Paul Bloom studies babies and toddlers and how their social and moral capacities develop. He has made striking discoveries suggesting the existence of an early-emerging “moral sense”. The Jacobs Foundation talked to him about the “moral sense” babies have and his plans for the future.
What does this early-emerging “moral sense” contain?
Even before we reach our first birthday, we have rich moral capacities. Babies judge the goodness and badness of others’ actions; feel empathy and compassion; and act to soothe others in distress; There is even some evidence that we are born with a rudimentary sense of justice and fairness.
But babies can’t speak—how can we know this?
Developmental psychologists use a range of methods to explore babies’ understanding and preferences. In some well-known studies done with my wife and colleague Karen Wynn, we showed babies a series of one-act plays, where a character tried to achieve a goal (like climbing up a hill), another character helps it, and a third character hinders it. Even the youngest babies we could test preferred to interact with the “good guy” over the “bad guy”. And when toddlers were given the opportunity to give or take away treats from the characters, they tended to reward the helper and punish the hinderer.
What do babies lack? What aspect of morality are not present early in life?
The same research that shows striking abilities on the part of babies also shows that our natural morality is limited, often tragically so. Babies are strongly biased to favor familiar individuals over strangers, and are naturally prone to divide the world into Us versus Them. The notion that all people have equal rights, that we all possess moral value, is not something we’re born with.
Babies are also limited to responding at a gut level; they have no conscious access to moral notions and hence no idea why certain acts are good or bad. And it’s this ability to reason about morality that gives rise to moral progress, making possible our moral discoveries, such as the wrongness of sexism, racism, and slavery. Bloom argues that reason and rationality are central to the development of a mature sense of right and wrong, and that this process of rationally building up a moral system is something that develops over time, both in individuals and within societies.
What are the implications of your research for educators and policy-makers?
My research on children’s developing appreciation of good and evil across the course of development has profound implications for educators, clinicians, and policy makers. Knowing when and how children develop their moral psychology – what they know and, critically, what they need to learn – can help promote moral development and provide the foundation for various programs and interventions that work to establish more just and fair communities.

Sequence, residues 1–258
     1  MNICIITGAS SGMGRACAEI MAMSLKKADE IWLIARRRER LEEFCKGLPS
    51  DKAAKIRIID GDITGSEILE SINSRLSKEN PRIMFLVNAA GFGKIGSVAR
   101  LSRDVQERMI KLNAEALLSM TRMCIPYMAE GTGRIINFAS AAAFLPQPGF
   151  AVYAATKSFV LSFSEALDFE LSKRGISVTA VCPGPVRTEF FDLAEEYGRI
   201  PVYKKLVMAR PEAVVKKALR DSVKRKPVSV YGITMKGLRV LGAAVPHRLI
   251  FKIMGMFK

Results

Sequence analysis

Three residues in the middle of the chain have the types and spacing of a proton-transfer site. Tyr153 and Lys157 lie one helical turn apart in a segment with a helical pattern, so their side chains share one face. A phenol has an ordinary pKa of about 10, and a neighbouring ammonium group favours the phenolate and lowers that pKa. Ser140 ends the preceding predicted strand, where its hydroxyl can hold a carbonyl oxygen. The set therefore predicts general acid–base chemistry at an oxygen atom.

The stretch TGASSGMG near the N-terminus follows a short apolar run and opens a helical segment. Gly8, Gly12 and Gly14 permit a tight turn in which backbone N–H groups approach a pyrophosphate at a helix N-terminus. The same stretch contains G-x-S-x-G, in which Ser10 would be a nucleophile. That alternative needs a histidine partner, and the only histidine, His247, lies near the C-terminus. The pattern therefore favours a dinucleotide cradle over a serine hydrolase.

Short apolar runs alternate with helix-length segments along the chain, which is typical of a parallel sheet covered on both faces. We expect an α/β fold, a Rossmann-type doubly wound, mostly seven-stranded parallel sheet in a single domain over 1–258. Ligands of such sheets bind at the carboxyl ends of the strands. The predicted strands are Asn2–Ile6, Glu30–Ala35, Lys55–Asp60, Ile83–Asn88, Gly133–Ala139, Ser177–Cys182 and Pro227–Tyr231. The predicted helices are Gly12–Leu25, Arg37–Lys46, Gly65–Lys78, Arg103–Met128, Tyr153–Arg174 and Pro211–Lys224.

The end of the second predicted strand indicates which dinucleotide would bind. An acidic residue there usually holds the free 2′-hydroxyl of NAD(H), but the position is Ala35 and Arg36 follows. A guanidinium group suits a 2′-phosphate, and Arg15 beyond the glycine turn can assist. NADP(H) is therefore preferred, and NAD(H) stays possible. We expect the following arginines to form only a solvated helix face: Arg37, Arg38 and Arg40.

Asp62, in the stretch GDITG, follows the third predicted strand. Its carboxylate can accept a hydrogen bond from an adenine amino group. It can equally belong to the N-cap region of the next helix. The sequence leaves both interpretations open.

What is the connection with empathy?
Empathy is the act of coming to experience the world as you think someone else does. To empathize with someone “is to put yourself in her shoes, to feel her pain”. I distinguish this “emotional empathy” from “cognitive empathy” – “the more coldblooded process of assessing what other people are thinking, their motivations, their plans, what they believe” – as well as from compassion, “a more distanced love and kindness and concern for others.”
Many people, including many psychologists and philosophers, are fan of emotional empathy; they think it makes us better people. I think that this is mistaken. I think that emotional empathy is biased, that we are more prone to feel empathy for attractive people and for those who look like us or share our ethnic or national background. Also, empathy is narrow; it connects us to individuals, real or imagined, but it is insensitive to numerical differences and statistical data.
What does this mean for us a as a society?
In light of these features, our moral and political decisions will be fairer and more moral once we put empathy aside. Our policies are improved when we appreciate that a hundred deaths are worse than one, even if we know the name of the one, and when we acknowledge that the life of someone in a faraway country is worth as much as the life of a neighbor, even if our emotions pull us in a different direction. I suggest that we should instead rely on what we call “rational compassion”—caring for other people, and then using clear-headed rational thought to determine which actions lead to most kind and most fair outcomes.
For what will the Research Prize money be used?
With the prize money, I plan to study at what age children develop an understanding of morality that extends beyond physical actions. Adults appreciate, for instance, that one can wrong just with words, by lying or deception. We appreciate that sometimes a failure to act can be morally wrong—if my child starves to death because I fail to feed her, I’ve done something terribly evil, though I haven’t actually done any physical act. Using simple scenarios, I plan to study when such understanding develops, starting with 12-month- olds, and to explore the forces that give rise to an increasingly rich moral psychology.
I also plan to build on my previous research investigating the developing capacity for, and understanding of, generosity. What are the factors that lead babies and children to judge an act as greedy, as morally right, or as unusually kind, and how does this understanding relate to their own giving and sharing behavior? What are the factors that promote a sense
of obligation and desire to help those who are not family and friends? What leads children to become good citizens, to respect the lives of people from different ethnicities and backgrounds?
I plan to address these questions through experimental methods and longitudinal studies that examine the relationship between cognitive and social accomplishments in a non-verbal infant and the emergence of moral insights in that same individual later in development.